Russian Capital Flight, Economic Reforms, and U.S. Interests: An Analysis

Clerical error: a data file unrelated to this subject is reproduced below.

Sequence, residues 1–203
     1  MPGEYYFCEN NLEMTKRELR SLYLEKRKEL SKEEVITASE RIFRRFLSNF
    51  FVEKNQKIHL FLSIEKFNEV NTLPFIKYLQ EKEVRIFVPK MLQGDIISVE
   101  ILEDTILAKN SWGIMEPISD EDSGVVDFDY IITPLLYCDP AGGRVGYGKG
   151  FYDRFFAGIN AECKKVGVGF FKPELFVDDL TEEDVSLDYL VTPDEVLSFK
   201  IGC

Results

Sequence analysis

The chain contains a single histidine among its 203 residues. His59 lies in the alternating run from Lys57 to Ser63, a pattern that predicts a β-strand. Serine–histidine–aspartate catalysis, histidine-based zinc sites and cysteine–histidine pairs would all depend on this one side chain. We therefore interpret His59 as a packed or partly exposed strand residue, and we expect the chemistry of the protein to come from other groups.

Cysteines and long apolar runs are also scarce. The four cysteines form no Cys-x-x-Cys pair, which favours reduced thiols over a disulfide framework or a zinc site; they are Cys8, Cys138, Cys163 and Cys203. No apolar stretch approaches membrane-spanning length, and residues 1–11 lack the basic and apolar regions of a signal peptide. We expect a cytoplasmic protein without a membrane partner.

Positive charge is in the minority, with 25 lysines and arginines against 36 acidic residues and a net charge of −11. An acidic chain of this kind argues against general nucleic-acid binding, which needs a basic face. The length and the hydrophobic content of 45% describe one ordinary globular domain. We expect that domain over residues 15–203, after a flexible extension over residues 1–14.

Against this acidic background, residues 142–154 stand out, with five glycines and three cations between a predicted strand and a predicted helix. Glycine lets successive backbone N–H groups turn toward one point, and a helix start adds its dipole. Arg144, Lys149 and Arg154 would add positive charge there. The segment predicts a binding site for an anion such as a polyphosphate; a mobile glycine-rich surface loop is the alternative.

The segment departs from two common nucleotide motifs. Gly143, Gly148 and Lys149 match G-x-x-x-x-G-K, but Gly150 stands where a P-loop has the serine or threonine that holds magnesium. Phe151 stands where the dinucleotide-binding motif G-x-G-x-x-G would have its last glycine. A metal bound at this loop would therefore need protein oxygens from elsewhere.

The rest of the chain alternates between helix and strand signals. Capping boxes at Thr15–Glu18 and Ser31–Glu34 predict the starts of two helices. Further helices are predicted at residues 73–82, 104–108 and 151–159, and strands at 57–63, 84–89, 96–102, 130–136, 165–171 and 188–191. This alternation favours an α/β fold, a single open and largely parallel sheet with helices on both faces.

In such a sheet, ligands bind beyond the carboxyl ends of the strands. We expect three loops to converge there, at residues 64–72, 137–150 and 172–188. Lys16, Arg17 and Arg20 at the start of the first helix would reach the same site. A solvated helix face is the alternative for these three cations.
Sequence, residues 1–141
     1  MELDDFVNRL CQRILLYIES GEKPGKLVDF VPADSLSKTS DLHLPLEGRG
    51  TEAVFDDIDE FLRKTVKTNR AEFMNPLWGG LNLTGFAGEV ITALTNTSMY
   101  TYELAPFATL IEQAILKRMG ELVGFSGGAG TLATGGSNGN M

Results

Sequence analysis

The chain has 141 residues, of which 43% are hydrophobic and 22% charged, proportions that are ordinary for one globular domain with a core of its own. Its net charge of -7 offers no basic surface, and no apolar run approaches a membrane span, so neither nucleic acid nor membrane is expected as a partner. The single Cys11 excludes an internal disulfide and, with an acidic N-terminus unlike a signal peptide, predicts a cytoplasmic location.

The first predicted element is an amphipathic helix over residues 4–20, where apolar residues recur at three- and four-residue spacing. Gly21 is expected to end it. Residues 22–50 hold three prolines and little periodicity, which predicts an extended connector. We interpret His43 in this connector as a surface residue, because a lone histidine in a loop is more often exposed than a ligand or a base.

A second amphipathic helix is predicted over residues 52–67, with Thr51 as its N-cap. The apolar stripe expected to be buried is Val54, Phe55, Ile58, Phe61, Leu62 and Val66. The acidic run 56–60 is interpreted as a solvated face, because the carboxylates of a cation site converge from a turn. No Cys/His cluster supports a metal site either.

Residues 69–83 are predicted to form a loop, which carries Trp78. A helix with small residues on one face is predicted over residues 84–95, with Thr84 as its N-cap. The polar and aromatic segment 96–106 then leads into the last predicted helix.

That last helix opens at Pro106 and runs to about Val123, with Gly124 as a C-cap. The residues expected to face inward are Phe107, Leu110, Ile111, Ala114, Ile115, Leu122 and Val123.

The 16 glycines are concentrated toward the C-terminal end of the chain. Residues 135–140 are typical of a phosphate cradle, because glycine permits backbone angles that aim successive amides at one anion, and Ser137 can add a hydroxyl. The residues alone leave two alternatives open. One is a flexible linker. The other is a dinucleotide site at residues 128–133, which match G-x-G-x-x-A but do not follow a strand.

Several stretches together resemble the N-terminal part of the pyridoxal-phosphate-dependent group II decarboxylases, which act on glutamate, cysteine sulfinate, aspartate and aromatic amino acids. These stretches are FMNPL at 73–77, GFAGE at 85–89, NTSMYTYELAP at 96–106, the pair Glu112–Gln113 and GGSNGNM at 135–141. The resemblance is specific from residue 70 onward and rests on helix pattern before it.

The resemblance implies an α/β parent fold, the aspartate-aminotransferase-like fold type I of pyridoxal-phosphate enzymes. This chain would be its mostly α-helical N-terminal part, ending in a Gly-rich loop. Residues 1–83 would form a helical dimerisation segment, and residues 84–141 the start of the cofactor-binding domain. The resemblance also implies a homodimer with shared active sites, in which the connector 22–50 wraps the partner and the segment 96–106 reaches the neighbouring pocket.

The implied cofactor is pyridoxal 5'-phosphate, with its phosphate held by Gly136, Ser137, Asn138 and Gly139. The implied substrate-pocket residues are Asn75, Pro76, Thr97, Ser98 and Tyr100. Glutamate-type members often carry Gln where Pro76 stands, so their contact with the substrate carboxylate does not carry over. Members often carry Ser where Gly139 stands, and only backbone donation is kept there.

Russian capital flight is a longstanding problem with very negative consequences for the Russian economy. Authoritative studies estimate Russian capital flight to have totaled $150 billion from 1992-1999. Recent reports of Russian money laundering and other financial scandals involving the Russian Central Bank, the Bank of New York, other commercial banks, and even former President Yeltsin's household involve forms of capital flight and have drawn greater attention to the problem. They have been the subjects of recent Congressional hearings and have focused the attention of Members of Congress and others on U.S. interests in Russia. Some legislation has been proposed as a result of concern over the these scandals and Russian capital flight. Capital flight deprives the Russian economy of critical financial resources that could be used for investment, tax revenues, restructuring pensions, and other social security programs. More importantly, capital flight indicates a lack of confidence by Russian and foreign investors and residents in the Russian ruble, in the Russian financial system, and more generally in the Russian economy itself. Capital flight is a sign that Russia's transition to a market economy continues to be incomplete. An analysis of the rationale for Russian capital flight suggests that to reverse capital flight the Russian economy will have to provide an environment that motivates asset- holders to keep their wealth in rubles and repatriate assets that they have sent abroad. To do so, the Russian policymakers will have to take significant steps to establish and maintain macroeconomic stability and to complete the partial economic restructuring. Post-Cold War U.S. policy has reflected a number of national security, foreign policy, and economic interests. U.S. policy has aimed to decrease the Russia military threat and at the same time encourage the development of democracy in Russia. In the economic sphere, U.S. policy has focused on establishing economic stability and on developing the institutions required for a market economy. The United States also views Russia has a burgeoning trade partner and source of investment opportunities. It can be argued that without a sound economy, Russia will find it difficult to achieve political stability, which in turn might increase the national security threat posed by Russia. Continuing capital flight is an indicator that Russia has yet to realize a functioning market economy. In the near term, U.S. economic policy on Russia is likely to focus on the issue of whether to delay or move forward with pending IMF assistance. However, whether Russia undertakes complete economic reform will be determined by Russia alone. A key question in U.S. policy is whether it can persuade Russian policymakers to proceed with economic reform. This report will be not be updated but will remain available for congressional needs.